To Feel the Music: A Songwriter’s Mission to Save High-Quality Audio | Under the Radar Magazine Under the Radar | Music Blog for the Indie Music Magazine
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Neil Young and Phil Baker

To Feel the Music: A Songwriter’s Mission to Save High-Quality Audio

Published by BenBella

Oct 17, 2019 Bookmark and Share


In To Feel the Music, Neil Young, along with colleague Phil Baker, chronicle their years-long struggle to make Young’s Pono player a reality and in turn change the way we listen to digital music. Pono was Young’s brainchild, the culmination of years of preaching about the limitations of mp3s and the way in which the industry was capitalizing on poor quality audio. Baker was the man Young brought on to help him realize his vision, and together, in alternating chapters written by each, they describe their journey to Pono and beyond.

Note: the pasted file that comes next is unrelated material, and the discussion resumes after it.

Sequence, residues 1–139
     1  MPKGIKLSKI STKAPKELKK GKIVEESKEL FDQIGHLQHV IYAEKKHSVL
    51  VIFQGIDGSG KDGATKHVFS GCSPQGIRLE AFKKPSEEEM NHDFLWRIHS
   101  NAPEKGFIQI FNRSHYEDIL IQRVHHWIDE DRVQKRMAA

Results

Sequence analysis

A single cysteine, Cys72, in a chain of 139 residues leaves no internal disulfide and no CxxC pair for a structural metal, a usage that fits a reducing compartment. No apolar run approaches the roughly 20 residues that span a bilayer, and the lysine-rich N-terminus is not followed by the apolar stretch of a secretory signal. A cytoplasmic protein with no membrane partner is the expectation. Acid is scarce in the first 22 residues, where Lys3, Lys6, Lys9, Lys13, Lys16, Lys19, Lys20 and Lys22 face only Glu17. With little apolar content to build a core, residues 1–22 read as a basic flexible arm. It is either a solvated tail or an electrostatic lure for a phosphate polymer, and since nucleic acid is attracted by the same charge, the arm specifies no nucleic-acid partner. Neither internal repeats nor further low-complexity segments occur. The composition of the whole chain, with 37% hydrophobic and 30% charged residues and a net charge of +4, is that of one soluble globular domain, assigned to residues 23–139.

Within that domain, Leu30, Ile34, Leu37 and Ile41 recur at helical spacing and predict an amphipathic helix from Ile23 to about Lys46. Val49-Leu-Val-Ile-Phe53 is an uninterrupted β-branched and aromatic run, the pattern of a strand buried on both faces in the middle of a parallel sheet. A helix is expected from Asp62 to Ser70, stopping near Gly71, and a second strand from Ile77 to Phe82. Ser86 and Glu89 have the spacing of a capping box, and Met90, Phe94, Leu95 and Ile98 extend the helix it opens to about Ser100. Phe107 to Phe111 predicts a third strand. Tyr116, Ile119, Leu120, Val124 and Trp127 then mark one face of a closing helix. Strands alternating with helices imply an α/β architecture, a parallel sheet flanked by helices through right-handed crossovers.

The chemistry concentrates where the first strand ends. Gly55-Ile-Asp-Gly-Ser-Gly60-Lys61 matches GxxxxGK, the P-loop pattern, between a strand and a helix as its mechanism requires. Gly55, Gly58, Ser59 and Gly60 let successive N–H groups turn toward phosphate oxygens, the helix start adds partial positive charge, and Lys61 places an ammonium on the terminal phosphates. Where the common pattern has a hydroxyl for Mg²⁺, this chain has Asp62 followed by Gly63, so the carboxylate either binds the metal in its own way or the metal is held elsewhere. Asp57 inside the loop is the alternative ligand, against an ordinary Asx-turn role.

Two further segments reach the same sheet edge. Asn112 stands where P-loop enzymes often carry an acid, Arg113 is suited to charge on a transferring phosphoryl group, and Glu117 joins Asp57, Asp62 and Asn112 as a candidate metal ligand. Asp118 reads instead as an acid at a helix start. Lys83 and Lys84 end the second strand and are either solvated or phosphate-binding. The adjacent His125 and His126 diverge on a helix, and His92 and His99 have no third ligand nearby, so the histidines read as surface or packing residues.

Young begins the proceedings by sketching out his reasons for the projects; the limitations of digital and CD audio are discussed and the rationale for a better product detailed. But in many ways, Baker handles the heavy lifting in To Feel the Music. With an intimate knowledge of the specifics of product development, Baker takes the reader step-by-step from Young’s initial vision, through all the hiccups along the way, to the final Pono product. Ultimately, even the downfall of Pono is described, and one can surely feel for Young and Baker. For several reasons, the world wasn’t ready for Pono as a be-all-end-all replacement to all digital product.

But the story has a happy ending, albeit perhaps not a perfect one for Young and Baker. And that is with Young’s Archives project. With it, Young has, to paraphrase this book’s subtitle, saved high-quality audio, setting up an online place for fans to peruse and not only listen to Young’s music, but experience his history and story, in a high-quality audio setting.

Despite Pono’s lack of marketplace traction, the success of To Feel the Music is in the passion Young brings to his mission to save audio. His reasons are just. His dedication bleeds from the page. And you get the feeling, despite any setbacks, he will not stop until we’re all listening to music again the way it was supposed to be heard.

(www.benbellabooks.com) (www.neilyoungarchives.com)

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